Apr 112012
 

13 Tips for Dog Friendly Hiking

Here are our dog friendly hiking tips that we want to pass on.

1 – Make sure your dog is in good physical condition

Begin with long walks in your neighborhood before you start short hikes in the woods. Work up from there. Believe it or not, Ty matches Buster’s pace – but only because we built up his endurance.

2 – Check the dog regulations in the area you’ll be hiking

Know whether dogs are allowed and if they must be leashed. We’ve even seen some rules specify the length of the leash. Depending on the terrain and/or the number of cars parked at the trail head, we may use shorter or longer leads on Ty and Buster. We rarely allow our dogs to hike off leash.

3 – Prepare your dog for the weather and terrain

Spring and summer hiking means sun and bugs. Bring sun screen and insect repellant formulated for dogs. Breeds with thin coats may require an outer layer if you’re hiking in wet or cold conditions. Doggie booties may be necessary if you’ll be hiking over rocks or terrain with cacti or nettles. In snowy conditions, booties can prevent ice from forming between the toes … not the Frosty Paw your dog was looking for!

4 – Carry plenty of water for your dog

We (should) all know that dogs don’t sweat. That makes them prone to heat stroke in warmer temps. I used to be a competitive runner, and the rule was: Drink before you get thirsty. The same applies to your dog. And I would strongly discourage you from allowing your dog to drink from streams or lake shores as the water may contain gnarly parasites.

5 – Leaves of 3, let it be

Dogs are susceptible to plant-based toxins just as people are. If you can’t recognize poison ivy (or oak or sumac), you are not ready for hiking.

6 – They call it wildlife for a reason

Your dog can hear, smell, and sense things before you can. If your dog starts barking, he may be warning you of a bear, coyote, or snake in the vicinity. We just finished a hike where bear spray and dog bells would have been smart to carry. Keep your dog in sight and be alert!

7 – Carry a small first aid kit

Notice I didn’t say a pet first aid kit. Generally, a human first aid kit will do since you are both likely to suffer the same type of cuts, bruises, and abrasions. Oh, and know what’s in your kit and how to use it. When someone is howling in pain, then is not the time to search the kit or read the directions.

8 – Your dog should have proper identification

In case your dog runs off or gets lost, make sure his ID tag is properly secured to a collar that won’t slip off. The tag should have your cell phone number and any other information that someone might need if they find your dog. Here’s what we put on Ty and Buster’s tags.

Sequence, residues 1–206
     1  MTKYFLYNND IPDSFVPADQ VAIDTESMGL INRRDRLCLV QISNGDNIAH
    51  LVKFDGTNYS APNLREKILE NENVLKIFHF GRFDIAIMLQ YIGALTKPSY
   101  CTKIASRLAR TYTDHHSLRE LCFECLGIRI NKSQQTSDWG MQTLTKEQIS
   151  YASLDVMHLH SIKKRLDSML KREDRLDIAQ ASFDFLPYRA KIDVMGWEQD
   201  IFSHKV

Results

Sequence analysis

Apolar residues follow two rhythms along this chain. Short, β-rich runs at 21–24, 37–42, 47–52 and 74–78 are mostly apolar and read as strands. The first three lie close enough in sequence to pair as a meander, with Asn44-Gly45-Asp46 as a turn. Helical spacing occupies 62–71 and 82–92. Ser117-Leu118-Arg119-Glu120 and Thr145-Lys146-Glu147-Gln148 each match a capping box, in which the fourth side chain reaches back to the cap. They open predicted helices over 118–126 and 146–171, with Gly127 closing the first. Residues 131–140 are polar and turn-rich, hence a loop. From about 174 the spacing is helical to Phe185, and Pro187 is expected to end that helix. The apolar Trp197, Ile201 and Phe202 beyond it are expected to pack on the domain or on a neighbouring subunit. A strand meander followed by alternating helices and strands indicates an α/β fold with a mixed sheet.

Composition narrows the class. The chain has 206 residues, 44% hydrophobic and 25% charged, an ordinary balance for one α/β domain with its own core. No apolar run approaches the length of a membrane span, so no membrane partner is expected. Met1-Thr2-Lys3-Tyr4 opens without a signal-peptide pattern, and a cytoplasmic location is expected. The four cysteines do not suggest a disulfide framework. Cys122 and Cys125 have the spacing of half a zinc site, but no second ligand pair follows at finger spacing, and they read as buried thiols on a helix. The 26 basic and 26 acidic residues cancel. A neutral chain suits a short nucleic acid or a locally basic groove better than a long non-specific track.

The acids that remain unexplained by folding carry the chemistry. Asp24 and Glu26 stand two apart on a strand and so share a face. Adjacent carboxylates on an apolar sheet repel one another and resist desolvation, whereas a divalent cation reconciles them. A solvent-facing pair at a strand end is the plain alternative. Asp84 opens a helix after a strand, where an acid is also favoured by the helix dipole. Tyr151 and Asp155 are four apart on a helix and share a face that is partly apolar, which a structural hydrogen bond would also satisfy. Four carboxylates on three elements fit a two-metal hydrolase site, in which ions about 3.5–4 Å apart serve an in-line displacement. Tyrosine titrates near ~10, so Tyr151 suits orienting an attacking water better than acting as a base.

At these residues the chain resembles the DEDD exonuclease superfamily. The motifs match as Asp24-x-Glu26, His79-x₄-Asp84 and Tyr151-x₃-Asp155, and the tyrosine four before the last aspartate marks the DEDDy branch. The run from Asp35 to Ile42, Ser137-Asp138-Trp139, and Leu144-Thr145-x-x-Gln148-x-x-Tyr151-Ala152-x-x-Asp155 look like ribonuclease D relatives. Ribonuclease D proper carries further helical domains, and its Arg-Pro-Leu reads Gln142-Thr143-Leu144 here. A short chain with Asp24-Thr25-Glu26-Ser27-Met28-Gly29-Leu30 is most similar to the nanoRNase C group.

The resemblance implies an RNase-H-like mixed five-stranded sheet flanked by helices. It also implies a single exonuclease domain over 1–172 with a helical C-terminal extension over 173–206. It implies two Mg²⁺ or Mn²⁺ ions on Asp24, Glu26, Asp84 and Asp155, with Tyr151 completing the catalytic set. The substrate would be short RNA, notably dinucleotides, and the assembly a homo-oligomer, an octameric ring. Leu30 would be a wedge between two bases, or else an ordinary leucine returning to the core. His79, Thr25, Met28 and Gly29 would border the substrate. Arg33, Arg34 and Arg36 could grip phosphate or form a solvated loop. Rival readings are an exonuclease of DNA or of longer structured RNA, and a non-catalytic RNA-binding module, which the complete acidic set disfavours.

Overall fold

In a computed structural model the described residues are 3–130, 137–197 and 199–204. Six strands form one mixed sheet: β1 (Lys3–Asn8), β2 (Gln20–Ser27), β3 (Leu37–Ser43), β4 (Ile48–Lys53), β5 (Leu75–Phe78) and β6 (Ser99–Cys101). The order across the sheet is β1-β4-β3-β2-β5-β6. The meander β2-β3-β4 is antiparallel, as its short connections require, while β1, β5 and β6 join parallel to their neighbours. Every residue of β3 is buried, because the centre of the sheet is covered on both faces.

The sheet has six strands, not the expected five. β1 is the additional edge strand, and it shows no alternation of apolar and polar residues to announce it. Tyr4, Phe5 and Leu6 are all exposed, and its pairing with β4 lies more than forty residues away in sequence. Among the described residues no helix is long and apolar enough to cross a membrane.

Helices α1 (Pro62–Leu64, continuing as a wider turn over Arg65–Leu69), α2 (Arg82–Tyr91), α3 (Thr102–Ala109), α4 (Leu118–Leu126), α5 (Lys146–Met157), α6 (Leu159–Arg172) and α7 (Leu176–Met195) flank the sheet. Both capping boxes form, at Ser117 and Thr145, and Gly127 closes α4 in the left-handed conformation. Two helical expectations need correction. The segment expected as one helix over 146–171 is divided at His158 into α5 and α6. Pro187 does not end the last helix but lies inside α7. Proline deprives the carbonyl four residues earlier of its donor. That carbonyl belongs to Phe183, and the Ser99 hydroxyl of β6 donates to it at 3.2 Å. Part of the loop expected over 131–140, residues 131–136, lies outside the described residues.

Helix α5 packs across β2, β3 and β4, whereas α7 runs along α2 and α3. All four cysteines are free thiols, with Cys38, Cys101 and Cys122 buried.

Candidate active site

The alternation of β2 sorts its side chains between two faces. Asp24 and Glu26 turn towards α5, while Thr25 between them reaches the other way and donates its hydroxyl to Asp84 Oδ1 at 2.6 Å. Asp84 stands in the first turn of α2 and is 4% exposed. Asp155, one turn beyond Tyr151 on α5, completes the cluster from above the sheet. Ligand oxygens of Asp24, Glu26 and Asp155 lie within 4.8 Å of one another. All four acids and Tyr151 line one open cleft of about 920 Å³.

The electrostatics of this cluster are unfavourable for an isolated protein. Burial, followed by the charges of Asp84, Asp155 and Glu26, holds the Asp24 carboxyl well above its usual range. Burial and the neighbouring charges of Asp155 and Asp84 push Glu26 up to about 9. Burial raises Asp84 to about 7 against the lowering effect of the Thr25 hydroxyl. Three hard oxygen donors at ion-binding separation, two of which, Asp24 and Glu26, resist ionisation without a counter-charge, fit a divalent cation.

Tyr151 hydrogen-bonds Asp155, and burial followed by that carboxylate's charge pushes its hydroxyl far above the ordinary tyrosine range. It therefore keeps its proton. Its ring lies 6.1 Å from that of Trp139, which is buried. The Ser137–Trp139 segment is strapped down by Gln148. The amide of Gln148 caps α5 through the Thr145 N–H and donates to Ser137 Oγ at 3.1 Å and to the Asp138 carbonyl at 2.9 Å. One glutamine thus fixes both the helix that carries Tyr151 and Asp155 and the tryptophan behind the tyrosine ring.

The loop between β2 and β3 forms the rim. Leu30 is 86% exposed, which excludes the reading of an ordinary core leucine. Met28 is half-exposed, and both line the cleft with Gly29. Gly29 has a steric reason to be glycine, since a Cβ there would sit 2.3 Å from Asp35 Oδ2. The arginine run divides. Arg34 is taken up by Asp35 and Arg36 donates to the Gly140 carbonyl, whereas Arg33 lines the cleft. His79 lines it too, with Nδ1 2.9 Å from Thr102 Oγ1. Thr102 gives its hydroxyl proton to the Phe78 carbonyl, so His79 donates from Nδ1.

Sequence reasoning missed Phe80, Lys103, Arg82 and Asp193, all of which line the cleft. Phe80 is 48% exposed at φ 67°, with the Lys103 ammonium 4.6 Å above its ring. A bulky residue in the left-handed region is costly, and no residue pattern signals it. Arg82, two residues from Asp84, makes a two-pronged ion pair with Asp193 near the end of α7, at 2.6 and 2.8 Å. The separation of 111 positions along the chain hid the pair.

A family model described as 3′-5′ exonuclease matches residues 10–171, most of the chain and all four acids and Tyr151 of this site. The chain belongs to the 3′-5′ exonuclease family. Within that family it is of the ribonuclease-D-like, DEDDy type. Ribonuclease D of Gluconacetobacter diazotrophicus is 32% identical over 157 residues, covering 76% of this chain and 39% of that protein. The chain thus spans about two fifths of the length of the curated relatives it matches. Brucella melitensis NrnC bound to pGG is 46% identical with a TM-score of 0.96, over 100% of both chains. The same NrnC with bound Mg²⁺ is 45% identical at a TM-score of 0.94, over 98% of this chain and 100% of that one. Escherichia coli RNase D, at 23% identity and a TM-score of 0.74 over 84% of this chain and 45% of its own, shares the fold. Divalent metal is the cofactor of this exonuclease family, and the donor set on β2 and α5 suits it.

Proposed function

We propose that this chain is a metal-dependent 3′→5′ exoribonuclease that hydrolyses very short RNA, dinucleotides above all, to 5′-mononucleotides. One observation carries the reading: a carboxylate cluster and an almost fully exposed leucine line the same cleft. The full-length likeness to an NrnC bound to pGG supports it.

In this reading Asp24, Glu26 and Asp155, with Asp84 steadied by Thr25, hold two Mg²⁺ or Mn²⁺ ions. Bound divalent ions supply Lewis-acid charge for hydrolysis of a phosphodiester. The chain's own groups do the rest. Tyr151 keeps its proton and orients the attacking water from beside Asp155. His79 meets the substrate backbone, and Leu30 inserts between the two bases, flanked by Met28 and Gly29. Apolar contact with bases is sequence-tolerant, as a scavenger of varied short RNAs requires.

9 – Watch out if it’s hunting season

Take extra precaution when hiking during any hunting season. Bright or reflective dog clothing will help her stand out in the natural environment. You might want to wear something similar as well!

10 – Your dog can share the load

Let your dog get used to carrying a pack by starting with short walks. Most dogs can safely carry up to a third of their weight. Do not overload! Adjust the pack contents and straps as needed to balance the weight. Buster wears a pack from Ruff Wear to haul the boys’ water and a light collapsible bowl.

11 – Someone should know you and your dog went for a hike

S**t happens! Let a relative, friend, neighbor, or park ranger know where you’re going and when you expect to be back. A small, printed note card with this information and relevant contact numbers could save a lot of heartache.

12 – No one should know you and your dog went hiking

All trash and poop should be bagged, carried out, and properly disposed of. Don’t leave any evidence that you and your dog were on the trail.

13 – When you get home, check for ticks

Ticks can cause sever medical problems such as Lyme disease and Rocky Mountain spotted fever – both of which can be contracted by humans. Talk to your vet about an appropriate tick prevention program and be sure to examine your dog, especially after hiking in wooded areas where ticks are common. You may want to consider a product like Pet Armour before you go on your hike.

 

 

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